immunity
• Suit going forward against school
district
Eric Mohat’s Suit
• Five students from Mentor HS in Ohio
committed suicide within a short
period of time
• Eric’s parents want no money, just
want school district to pay attention
• They had problem with suing before
Eric’s estate was set up, but suit now
back in original court
The Tide May Be Turning
• New Jersey courts have allowed
lawsuits to go forward against school
districts under its state Law Against
Discrimination (NJLAD)
• Several Connecticut courts have
allowed parents’ suits against school
districts to go forward on a theory that
the bullied student was “an identifiable
person”
IDEA May Also Protect
• If bullying or cyberbullying deprives
a special education student of FAPE,
IDEA may provide special needs
students with another layer of
protection
• However, according to several
courts, the harm must be a direct
result of the actions of a school
district or its employees
Cyberbullying Starts in School
• School is where kids meet and decide
to torment a peer or peers
• It spills over after school and goes
home with the bullies who then use
technology to continue and to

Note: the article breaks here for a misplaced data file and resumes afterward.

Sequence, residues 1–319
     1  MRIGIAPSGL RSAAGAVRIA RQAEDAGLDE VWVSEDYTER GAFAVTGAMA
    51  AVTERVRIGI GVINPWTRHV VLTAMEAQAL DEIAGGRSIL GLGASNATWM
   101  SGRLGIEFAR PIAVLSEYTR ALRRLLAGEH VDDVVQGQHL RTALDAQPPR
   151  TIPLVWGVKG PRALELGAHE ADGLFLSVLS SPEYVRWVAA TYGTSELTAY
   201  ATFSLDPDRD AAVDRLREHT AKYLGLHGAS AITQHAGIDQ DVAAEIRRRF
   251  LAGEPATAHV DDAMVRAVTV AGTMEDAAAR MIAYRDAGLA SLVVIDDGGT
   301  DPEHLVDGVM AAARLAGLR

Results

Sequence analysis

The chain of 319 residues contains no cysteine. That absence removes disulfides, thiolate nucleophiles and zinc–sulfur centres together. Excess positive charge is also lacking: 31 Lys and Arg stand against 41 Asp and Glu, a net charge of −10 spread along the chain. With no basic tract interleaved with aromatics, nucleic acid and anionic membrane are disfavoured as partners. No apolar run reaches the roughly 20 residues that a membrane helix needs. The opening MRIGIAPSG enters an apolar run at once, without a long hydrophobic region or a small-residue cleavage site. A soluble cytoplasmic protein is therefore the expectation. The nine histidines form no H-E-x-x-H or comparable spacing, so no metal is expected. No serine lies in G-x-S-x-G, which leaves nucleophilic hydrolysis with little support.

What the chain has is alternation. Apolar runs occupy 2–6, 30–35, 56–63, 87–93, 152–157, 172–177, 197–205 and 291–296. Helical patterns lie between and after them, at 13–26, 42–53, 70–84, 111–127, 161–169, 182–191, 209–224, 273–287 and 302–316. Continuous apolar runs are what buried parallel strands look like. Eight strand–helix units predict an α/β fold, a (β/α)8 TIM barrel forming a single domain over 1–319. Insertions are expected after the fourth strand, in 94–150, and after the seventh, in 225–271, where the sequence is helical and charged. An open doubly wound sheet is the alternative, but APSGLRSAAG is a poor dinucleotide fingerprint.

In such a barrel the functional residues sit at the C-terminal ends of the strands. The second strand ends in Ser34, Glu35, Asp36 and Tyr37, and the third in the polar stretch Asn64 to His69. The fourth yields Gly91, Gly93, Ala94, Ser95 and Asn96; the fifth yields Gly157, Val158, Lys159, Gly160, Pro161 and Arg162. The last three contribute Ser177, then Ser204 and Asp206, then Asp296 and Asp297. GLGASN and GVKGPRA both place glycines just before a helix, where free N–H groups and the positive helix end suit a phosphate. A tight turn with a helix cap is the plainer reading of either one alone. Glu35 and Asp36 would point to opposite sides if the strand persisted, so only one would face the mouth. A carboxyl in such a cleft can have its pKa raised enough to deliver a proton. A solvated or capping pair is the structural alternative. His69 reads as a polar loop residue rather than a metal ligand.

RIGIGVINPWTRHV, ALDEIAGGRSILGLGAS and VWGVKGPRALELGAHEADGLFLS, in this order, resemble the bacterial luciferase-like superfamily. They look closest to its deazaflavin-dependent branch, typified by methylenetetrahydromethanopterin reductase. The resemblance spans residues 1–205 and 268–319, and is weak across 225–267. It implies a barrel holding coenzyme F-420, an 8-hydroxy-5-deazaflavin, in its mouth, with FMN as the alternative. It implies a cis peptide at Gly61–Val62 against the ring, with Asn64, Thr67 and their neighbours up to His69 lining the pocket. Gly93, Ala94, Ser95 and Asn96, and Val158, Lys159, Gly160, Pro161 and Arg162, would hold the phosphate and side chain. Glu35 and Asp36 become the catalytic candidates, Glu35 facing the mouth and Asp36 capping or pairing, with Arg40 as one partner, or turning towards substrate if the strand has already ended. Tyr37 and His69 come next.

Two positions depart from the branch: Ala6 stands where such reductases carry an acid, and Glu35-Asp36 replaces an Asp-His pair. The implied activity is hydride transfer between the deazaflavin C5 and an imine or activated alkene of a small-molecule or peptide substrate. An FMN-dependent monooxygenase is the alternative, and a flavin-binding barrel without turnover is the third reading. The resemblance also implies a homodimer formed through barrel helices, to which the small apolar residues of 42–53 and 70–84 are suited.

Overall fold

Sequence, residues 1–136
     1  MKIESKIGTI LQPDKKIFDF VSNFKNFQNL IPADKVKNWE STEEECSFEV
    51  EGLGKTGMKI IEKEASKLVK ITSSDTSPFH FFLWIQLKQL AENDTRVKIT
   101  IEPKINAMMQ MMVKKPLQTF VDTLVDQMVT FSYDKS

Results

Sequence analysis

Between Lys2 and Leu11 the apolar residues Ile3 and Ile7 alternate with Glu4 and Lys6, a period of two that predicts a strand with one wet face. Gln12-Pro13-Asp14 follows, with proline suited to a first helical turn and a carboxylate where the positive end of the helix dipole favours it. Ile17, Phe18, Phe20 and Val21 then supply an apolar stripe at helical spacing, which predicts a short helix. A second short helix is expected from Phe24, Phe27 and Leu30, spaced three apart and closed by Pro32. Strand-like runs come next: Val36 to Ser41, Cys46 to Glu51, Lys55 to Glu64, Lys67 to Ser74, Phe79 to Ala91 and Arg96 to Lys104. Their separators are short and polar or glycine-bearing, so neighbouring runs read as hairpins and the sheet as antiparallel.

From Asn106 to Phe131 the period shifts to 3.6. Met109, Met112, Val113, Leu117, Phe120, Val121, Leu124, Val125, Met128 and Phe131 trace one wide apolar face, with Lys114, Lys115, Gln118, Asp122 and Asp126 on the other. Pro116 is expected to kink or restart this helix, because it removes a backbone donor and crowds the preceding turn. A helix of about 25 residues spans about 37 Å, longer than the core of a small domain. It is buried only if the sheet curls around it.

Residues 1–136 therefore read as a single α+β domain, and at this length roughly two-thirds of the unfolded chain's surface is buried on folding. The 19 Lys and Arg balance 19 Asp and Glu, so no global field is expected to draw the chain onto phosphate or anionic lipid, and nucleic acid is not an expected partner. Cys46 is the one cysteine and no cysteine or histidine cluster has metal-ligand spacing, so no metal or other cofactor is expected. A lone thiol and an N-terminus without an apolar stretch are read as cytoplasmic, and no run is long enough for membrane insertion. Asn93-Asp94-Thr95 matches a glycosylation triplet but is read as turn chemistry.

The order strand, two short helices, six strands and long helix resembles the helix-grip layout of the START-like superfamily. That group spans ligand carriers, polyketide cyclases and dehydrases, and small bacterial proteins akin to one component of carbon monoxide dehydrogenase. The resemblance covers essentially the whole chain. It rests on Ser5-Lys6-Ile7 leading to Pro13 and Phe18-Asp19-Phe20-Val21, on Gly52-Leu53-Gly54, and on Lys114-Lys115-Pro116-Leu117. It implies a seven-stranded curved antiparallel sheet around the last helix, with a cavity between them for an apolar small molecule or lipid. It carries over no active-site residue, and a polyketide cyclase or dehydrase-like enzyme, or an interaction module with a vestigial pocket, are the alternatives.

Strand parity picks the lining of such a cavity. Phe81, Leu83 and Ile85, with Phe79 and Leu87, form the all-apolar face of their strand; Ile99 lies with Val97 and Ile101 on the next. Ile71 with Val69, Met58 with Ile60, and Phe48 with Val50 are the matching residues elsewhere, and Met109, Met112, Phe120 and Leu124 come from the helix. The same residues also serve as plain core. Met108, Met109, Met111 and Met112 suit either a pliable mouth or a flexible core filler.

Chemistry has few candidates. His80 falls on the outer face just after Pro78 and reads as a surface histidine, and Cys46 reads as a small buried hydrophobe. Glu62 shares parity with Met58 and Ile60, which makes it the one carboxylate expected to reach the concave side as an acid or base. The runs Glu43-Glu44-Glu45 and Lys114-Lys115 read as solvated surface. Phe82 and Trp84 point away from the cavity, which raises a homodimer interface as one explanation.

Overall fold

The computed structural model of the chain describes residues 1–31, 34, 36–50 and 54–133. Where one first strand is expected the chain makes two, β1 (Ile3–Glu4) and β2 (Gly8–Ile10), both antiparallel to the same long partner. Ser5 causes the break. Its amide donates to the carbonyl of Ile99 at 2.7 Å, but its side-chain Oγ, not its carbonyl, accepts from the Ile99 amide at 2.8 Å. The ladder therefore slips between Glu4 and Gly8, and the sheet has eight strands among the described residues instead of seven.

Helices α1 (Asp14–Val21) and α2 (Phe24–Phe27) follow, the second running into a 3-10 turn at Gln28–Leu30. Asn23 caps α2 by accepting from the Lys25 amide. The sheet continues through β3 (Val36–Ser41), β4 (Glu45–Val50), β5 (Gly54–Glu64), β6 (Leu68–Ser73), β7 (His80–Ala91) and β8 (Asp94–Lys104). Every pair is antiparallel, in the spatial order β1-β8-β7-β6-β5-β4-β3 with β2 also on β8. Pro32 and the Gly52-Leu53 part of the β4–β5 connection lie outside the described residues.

escalate the torment
• If school personnel KNOW or SHOULD
KNOW, they have a moral duty to
intervene
D---ed If I Do, D---ed If I Don’t?
• School Administrators fear that they will
be sued if they intervene in bullying or
cyberbullying situations, and they fear
that they will be sued if they do not!
• How far does the “disciplinary arm” of
the school extend?
• If school personnel know or should
know, the answer if FAR ENOUGH!
Remember…
•The First Amendment
protects students’ speech
and expression, but not if it
is obscene, defamatory
•STUDENT CONDUCT IS NOT
PROTECTED
The “Dear Colleague” Message
• Take prompt and effective steps
• Don’t penalize the target
• Don’t simply discipline the offender
• Provide comprehensive training where
needed
• Provide needed services to the target
• Prevent retaliation
• Followup
Arne Duncan’s Letter: 12-10
• Bullying triggers schools’ legal
responsibilities under OCR and DOJ
anti-discrimination statutes
• Schools must help both targets and
bullies
• The federal government is serious; it has
initiated a “Stop Bullying Now!”
campaign and Safe and Supportive
Schools grants
Parents Do Not Get a Free Pass
• We have been talking this afternoon
about schools’ responsibilities
• Parents are the first line of defense
•Get technology out of the
children’s bedrooms; keep
computers, laptops and cell
phones in family areas
The Take-Home Message
• It is truly a matter of school safety
• Every child will feel safe only if we work
together to eliminate bullying and
cyberbullying.
• None of us can be bystanders.
• Parents, administrators, teachers, staff
and students must work together… it is a
MORAL OBLIGATION.
Thank you for your attention.
I HOPE THIS HAS BEEN HELPFUL.
Kathleen Conn, Ph.D., J.D., LL.M.
[email protected]

similar documents